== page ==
The technique makes it possible to use different semiconductor materials for the different types of nanowires.
"We have succeeded in combining nanowires grown by the VLS (vapor-liquid-solid) and SAE (selective-area epitaxy) techniques onto the same platform. The difference compared with studies conducted previously on the same topic is that in the dual-type array the different materials do not grow in the same nanowire, but rather as separate wires on the same substrate," explained Docent Teppo .
The research results were published in the Nano Letters journal.
The fabrication process has many phases. First, gold nanoparticles are spread on a substrate. Next, the substrate is coated with silicon oxide, into which small holes are then patterned using electron beam lithography. In the first step of growth, (SAE), nanowires grow from where the holes are located, after which the silicon oxide is removed. In the second phase different types of nanowires are grown with the help of the gold nanoparticles (VLS). The researchers used metalorganic vapor phase epitaxy reactor in which the starting materials decompose at a high temperature, forming semiconductor compounds on the substrate.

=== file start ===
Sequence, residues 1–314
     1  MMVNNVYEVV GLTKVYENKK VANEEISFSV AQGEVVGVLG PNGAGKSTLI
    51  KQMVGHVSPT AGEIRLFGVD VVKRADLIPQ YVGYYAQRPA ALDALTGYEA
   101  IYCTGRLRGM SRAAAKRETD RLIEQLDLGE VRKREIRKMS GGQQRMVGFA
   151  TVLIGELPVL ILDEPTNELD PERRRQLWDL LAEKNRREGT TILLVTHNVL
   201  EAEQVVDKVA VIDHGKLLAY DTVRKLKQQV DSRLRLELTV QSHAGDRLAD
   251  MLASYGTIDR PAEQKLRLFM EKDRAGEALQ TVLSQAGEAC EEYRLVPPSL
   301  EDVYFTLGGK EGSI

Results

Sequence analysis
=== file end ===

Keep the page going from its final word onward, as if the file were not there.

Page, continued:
"We managed to combine two growth methods into the same process," said doctoral candidate Joona-Pekko Kakko.
"We noticed in optical reflection measurements that light couples better to this kind of combination structure. For instance, a solar cell has less reflection and better absorption of light," pointed out Huhtio.
In addition to solar cells and LEDs, the researchers also see good applications in thermoelectric generators.
Initially the substrate is prepared by depositing Au nanoparticles on it and covering it with a hole-patterned oxide. The first nanowires grow from these holes and after the oxide is removed, the other type of nanowires are grown via the deposited nanoparticles. The resulting dual-type array is presented on the electron micrograph on the right.
Nanowires are being researched, because semiconductor components that are currently in use need to be made smaller and